Besides the bohemian spirit and international vibe, what I love about Montreal is the zany street art. Yes, there are historic murals and lovely statues but what really excites me are the unexpected art scenes that pop up on walls and in alleys. I  last chronicled the city's street art in 2014 and four years later, I discovered fresh pieces all around the city with Danny from Spade &  Palacio, which supplies non-touristy tours. Check it out:



This rather creepy paintings stared back from a side street.


I was thrilled to spot this Jackie Robinson tribute for when he played with the Montreal Royals baseball team. I learned that he played with the Royals in 1946, before starting with the U.S. National Leagues and that it was a mutual love affair between Jackie and Montreal. His wife Rachel described his year of playing in Montreal after dealing with the racial hatred in the U.S. as "like coming out of a nightmare, the atmosphere in Montreal was so positive."



This old world figure peeked out of an alley across from the iconic  St. Viateur Bagels shop.


I really loved these anime characters hanging out on the side of a cafe.


And this old lady is quite famous from travel photos but I still enjoyed seeing her up close. If you visit Montreal, the street art should be at the top of your must do list, next to eating poutine and bagels, which I will cover in the next post.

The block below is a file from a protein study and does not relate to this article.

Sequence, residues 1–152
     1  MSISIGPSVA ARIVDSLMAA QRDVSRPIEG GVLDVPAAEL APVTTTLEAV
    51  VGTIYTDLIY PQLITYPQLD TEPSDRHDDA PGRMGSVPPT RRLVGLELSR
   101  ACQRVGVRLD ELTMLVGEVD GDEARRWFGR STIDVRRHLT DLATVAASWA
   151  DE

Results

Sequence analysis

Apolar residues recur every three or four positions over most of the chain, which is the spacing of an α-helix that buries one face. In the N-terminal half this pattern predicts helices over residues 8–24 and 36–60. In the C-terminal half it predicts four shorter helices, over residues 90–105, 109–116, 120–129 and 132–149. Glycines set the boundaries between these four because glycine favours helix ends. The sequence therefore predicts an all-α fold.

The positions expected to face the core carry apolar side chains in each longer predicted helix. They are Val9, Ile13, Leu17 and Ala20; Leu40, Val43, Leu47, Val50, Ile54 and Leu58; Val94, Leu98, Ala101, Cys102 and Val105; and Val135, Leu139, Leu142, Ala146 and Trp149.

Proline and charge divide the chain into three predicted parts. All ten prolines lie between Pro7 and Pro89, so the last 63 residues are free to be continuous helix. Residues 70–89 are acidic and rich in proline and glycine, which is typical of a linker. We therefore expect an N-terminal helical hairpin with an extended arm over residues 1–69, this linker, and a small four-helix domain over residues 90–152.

Tuesday, February 20, 2018

Next Stop: Montreal


I love Montreal. And the proof of that love is reflected in the fact that I am visiting this exciting city in the middle of the winter. I love Montreal in the summer, when the port of Old Montreal is filled with activity and outdoor fests energize every other weekend. I love Montreal in the fall when the ice wineries feature non-stop tastings and restaurants host pop ups and tours. I love Montreal in the spring when locals dance in the parks and Jean Talon market  smells like fresh cannolis. But I don't know Montreal in winter. I've never been brave enough to subject myself to a winter more frigid than Chicago but when I was invited by Tourism Montreal to snow shoe in Mount Royal Park  (shown above) and to try fat biking and kick sledding in the Eastern township of Magog, I couldn't resist. I love snow shoeing , biking and sledding. So stay tuned for my inaugural winter adventures in Montreal. I'll also visit the  Lumiere winter festival of performing arts, gastronomy and outdoor activities so please keep a look out for updates!